Know it, to control it
Oxygen levels in colon and green vegetable diet – a correlation to prevent colon cancers
For normal tissue function, oxygen level availability is of paramount importance. The oxygen profile of the gut or the gastrointestinal tract is unique. There are fluctuations in the blood perfusions at regular intervals throughout the day. Usually, the lining of the intestine or the epithelial lining has low oxygen levels at baseline and is therefore in a state of physiological hypoxia.
However, the gut requires high energy to maintain its metabolic functions including secretion, digestion, absorption and transport of digested food to enhance the basic immunity. To support these activities, gastrointestinal oxygen consumption increases disproportionally to gastrointestinal blood flow.
Oxygenation of the intestinal epithelium depends on the balance of oxygen delivery, consumption, and the amount that is diffused into the lumen via the local blood supply.
In the colon, millions of anaerobic bacteria exist and oxygen levels can get further depleted by these organisms. Research has indicated that butyrate, an end product of anaerobic bacterial metabolism, has a direct effect on epithelial oxygen consumption by being the energy source of the colonic epithelium.
The current understanding is that low oxygen levels (hypoxia) in cells may be a primary cause of cancer formation as well as uncontrollable tumor growth. This is a hypothesis for the development of colon cancers.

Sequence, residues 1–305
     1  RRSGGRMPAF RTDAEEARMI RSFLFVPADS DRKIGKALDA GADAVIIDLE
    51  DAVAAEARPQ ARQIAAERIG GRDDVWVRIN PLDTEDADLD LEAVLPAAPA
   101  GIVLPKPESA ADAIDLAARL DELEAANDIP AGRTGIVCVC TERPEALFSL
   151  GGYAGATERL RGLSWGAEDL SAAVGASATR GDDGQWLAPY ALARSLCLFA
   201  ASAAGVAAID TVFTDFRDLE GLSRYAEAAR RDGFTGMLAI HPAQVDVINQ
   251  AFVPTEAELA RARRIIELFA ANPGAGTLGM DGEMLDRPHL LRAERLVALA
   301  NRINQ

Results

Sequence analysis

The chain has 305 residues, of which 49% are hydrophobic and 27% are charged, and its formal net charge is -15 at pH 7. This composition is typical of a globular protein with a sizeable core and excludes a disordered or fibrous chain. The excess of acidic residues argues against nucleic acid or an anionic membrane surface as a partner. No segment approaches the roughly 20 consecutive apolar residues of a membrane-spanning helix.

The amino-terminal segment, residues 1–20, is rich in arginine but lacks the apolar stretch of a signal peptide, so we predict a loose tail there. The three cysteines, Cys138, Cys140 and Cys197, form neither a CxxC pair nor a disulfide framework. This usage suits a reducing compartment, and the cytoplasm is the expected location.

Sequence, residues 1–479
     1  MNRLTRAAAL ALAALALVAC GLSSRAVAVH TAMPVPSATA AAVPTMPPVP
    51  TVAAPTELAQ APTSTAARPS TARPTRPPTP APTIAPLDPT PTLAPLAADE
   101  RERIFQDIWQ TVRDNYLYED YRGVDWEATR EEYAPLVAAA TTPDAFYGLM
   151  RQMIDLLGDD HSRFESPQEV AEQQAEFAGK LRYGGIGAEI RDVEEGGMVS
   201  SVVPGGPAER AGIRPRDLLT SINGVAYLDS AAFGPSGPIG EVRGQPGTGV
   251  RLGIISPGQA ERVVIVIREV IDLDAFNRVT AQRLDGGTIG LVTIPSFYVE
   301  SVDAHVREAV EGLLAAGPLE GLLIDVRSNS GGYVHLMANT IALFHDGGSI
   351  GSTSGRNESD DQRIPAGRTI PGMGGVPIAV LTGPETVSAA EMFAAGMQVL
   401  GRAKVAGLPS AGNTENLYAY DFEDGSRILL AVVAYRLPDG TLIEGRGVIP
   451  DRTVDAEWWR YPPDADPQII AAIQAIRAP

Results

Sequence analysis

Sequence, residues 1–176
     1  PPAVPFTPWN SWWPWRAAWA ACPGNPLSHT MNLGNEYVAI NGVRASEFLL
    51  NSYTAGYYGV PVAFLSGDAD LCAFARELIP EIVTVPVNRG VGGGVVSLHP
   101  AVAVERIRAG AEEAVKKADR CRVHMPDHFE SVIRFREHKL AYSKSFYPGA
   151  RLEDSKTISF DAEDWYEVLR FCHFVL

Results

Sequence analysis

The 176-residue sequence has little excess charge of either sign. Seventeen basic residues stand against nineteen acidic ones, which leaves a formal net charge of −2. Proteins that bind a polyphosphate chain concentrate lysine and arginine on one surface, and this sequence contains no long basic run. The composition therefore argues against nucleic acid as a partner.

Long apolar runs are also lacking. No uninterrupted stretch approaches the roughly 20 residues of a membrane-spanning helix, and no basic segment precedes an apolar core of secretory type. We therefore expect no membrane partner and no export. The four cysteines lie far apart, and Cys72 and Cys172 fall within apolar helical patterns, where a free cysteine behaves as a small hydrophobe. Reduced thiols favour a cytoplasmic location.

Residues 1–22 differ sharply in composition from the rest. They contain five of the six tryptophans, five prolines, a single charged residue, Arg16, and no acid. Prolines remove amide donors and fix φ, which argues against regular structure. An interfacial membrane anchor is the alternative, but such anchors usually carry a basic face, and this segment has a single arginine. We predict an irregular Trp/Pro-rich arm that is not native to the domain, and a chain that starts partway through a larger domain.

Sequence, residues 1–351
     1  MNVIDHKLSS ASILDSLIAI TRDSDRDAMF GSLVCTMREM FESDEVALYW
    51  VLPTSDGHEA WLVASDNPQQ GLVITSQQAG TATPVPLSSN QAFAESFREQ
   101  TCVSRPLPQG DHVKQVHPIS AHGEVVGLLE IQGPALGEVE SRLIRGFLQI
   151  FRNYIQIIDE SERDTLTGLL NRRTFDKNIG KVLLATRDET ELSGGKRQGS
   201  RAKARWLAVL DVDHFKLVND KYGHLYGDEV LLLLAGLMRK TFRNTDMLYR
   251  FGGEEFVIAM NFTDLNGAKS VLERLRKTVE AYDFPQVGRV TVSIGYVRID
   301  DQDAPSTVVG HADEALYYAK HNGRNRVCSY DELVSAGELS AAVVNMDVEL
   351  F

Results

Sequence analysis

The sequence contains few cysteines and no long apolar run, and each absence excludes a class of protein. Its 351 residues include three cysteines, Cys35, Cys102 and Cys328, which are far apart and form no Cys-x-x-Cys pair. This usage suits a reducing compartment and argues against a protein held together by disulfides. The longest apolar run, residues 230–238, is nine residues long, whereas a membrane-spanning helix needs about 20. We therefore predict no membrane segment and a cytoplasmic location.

Diet is an important risk factor for developing colorectal cancer. Many studies endorse dietary choices in the prevention of colon cancer. These changes are deemed necessary even during and after treatment for colon cancer.
The American cancer society recommends a diet high in fruits, vegetables, and fibers could help to minimize the risk for colon cancers. Additionally, there is a link between red meat consumption and the high risk in developing colon cancer. Meat takes longer to get digested as compared to vegetables and fruits as well as lack of fiber in non-vegetarian diet reduces the gut movement. This leads to a longer time of contact of the food residue with the surface of gut with resultant constipation.
Among vegetables, it is recommended that green vegetables including the commonly available spinach, collard greens, mustard greens, spirulina, alfalfa, parsley, broccoli, green cabbage, asparagus, green beans and peas should be consumed in adequate portions on a daily basis.
Most nutritionists also suggest including green tea as a preferred beverage for its antioxidant properties. Green vegetables contain chlorophyll and are high in antioxidants raising oxygen levels dramatically. Chlorophyll containing plants have the capacity to release oxygen, and when added to one’s daily diet have the capacity to increase oxygen carrying capacity of the blood thereby increasing circulating oxygen levels.
In the colonic hypoxic environment, where there is oxidative stress because of oxygen shortage, this characteristic reaches great significance.
Antioxidants provide a protective environment to oxygen starved colonic epithelial lining nourishing cells against cellular damage and transformation. This, therefore, supports the notion that a beneficial relationship exists between consuming green vegetables and their significant role in reducing the risk for colon cancer.
Indian diet has a significant portion of diet formed by vegetables, spices and fruits that are indigenous to the tropical habitat of our land. Recent migration of food habits towards meat based diet may spell an untoward movement towards inviting higher incidence of colon cancer in future!